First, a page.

It made us both more than a bit annoyed. We got the hell out of there before nausea set in, and made our way back to the bus. We didn’t actually know where the bus was, but we just started walking north out of town and stumbled across a kiosk and bus shelter. After waiting for nearly an hour and turning down taxi rides back to Lepetane – including one from the same guy who hassled us at the port (this time he was wearing a different shirt)! – and not being picked up by the first bus for reasons unbeknownst to us, a full-size bus showed up and we made our way back to the ferry.
Jump back on, ride across, get off, ask in broken Mother Tongue where the bus stop is, and wait for another half-hour for the bus. On the road again, we made our way back to Herceg Novi, and then walked down the hillside/mountainside to one of our favorite restaurants by the beach.
Tivat is probably worth a visit. In high season, it’s probably party time there. If you own a yacht (which means you aren’t even reading this), you will probably like it for all the fancy people shit they have at Porto Montenegro. Plus, you can tell your rich friends you went to Montenegro. Ooh-la-la.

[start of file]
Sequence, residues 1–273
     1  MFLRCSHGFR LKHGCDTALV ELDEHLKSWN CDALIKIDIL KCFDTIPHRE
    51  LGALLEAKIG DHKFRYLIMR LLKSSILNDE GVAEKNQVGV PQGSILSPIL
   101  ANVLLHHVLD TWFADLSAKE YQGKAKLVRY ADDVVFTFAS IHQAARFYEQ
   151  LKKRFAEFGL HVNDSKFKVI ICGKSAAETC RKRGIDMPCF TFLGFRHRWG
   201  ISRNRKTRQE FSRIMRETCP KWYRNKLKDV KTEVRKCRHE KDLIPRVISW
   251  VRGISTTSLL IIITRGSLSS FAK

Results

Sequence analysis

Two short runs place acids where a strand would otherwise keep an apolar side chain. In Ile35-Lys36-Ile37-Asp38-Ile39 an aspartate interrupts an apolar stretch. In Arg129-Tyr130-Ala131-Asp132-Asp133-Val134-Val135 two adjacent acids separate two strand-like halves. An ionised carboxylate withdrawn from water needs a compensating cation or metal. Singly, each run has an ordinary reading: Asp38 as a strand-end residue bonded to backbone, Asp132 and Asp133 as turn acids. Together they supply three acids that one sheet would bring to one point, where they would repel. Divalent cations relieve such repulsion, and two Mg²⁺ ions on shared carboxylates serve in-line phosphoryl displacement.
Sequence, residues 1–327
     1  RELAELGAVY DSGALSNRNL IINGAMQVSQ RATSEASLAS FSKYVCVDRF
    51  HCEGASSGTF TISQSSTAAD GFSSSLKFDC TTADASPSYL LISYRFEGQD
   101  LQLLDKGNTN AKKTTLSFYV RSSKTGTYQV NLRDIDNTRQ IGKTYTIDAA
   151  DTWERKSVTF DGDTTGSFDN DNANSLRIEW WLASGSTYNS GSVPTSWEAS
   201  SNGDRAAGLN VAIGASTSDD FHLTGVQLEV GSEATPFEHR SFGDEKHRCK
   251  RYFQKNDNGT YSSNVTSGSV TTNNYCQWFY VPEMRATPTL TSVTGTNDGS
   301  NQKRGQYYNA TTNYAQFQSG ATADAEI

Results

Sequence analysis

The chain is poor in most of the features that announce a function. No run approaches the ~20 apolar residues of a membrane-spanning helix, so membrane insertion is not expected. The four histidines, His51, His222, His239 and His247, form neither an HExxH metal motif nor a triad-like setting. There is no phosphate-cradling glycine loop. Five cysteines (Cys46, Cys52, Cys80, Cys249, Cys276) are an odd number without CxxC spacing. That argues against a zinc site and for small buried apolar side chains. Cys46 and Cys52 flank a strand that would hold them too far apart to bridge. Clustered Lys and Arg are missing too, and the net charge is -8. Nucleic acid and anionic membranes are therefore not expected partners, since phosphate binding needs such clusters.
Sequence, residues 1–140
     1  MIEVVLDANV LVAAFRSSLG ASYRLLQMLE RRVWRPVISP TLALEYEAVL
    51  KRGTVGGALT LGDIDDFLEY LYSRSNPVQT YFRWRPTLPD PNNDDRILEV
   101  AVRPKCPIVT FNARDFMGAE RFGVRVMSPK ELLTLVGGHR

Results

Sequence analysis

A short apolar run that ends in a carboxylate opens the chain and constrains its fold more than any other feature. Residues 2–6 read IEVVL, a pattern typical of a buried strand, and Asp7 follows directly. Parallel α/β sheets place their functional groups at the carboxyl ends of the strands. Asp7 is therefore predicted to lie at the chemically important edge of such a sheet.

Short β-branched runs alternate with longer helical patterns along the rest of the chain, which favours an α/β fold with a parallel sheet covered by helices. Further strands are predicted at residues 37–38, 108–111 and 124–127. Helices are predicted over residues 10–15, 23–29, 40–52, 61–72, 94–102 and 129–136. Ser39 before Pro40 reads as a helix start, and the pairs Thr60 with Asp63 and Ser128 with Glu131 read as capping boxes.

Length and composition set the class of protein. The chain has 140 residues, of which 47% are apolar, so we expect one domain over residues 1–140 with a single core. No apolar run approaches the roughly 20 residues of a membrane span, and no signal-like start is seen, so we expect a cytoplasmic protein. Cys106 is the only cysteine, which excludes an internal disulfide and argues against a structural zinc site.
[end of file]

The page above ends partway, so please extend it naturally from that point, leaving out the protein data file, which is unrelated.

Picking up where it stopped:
Honestly, we didn’t really like it. The people were nice and the restaurant experience we had was a good one. The scenery is excellent, all of the marinas are beautiful, and the beaches were nice like they are in the rest of this wonderful country.
But, for people who don’t shop like maniacs or party like party people, it wasn’t our thing. I’m sure that someday, the real estate there will be even more overpriced and fancy people will abound. Hell, they might even get outdoor escalators like Monte Carlo has. (Are you listening, billionaire guy? I guess you probably have those planned already. Classy.)
At this point, we were very happy that we had opted to live in Herceg Novi instead. I do recommend a day trip to Tivat for the experience or if you’re traveling through; but unless you are into the above, it probably won’t strike your fancy. Glad we went? Absolutely. Would we go back? Most likely not.
You can find many more photos from our trip to Tivat on our Facebook page.
Thoughts or comments? Have you ever been to Tivat? Let us know what you think down below!